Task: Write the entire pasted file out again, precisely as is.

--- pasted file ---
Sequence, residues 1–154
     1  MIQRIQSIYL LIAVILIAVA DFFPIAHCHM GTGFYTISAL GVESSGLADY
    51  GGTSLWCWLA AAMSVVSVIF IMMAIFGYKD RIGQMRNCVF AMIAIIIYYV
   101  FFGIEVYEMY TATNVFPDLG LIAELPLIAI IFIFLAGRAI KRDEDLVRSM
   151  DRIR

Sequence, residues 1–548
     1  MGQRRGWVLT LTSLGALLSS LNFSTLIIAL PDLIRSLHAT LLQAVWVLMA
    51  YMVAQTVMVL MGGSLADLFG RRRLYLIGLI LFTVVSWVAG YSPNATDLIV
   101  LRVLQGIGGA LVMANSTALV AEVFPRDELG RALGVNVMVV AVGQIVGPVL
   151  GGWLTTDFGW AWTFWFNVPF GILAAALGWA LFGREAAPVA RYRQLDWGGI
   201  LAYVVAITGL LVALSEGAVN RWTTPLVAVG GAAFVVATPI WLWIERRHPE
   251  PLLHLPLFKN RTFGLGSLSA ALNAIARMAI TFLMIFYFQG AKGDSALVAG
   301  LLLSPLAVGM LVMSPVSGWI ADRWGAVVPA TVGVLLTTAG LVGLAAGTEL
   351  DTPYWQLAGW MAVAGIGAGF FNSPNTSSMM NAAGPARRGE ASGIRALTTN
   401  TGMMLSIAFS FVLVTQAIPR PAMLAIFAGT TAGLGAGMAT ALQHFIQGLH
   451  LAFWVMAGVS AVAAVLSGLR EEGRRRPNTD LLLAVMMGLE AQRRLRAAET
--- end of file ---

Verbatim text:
Sequence, residues 1–154
     1  MIQRIQSIYL LIAVILIAVA DFFPIAHCHM GTGFYTISAL GVESSGLADY
    51  GGTSLWCWLA AAMSVVSVIF IMMAIFGYKD RIGQMRNCVF AMIAIIIYYV
   101  FFGIEVYEMY TATNVFPDLG LIAELPLIAI IFIFLAGRAI KRDEDLVRSM
   151  DRIR

Sequence, residues 1–548
     1  MGQRRGWVLT LTSLGALLSS LNFSTLIIAL PDLIRSLHAT LLQAVWVLMA
    51  YMVAQTVMVL MGGSLADLFG RRRLYLIGLI LFTVVSWVAG YSPNATDLIV
   101  LRVLQGIGGA LVMANSTALV AEVFPRDELG RALGVNVMVV AVGQIVGPVL
   151  GGWLTTDFGW AWTFWFNVPF GILAAALGWA LFGREAAPVA RYRQLDWGGI
   201  LAYVVAITGL LVALSEGAVN RWTTPLVAVG GAAFVVATPI WLWIERRHPE
   251  PLLHLPLFKN RTFGLGSLSA ALNAIARMAI TFLMIFYFQG AKGDSALVAG
   301  LLLSPLAVGM LVMSPVSGWI ADRWGAVVPA TVGVLLTTAG LVGLAAGTEL
   351  DTPYWQLAGW MAVAGIGAGF FNSPNTSSMM NAAGPARRGE ASGIRALTTN
   401  TGMMLSIAFS FVLVTQAIPR PAMLAIFAGT TAGLGAGMAT ALQHFIQGLH
   451  LAFWVMAGVS AVAAVLSGLR EEGRRRPNTD LLLAVMMGLE AQRRLRAAET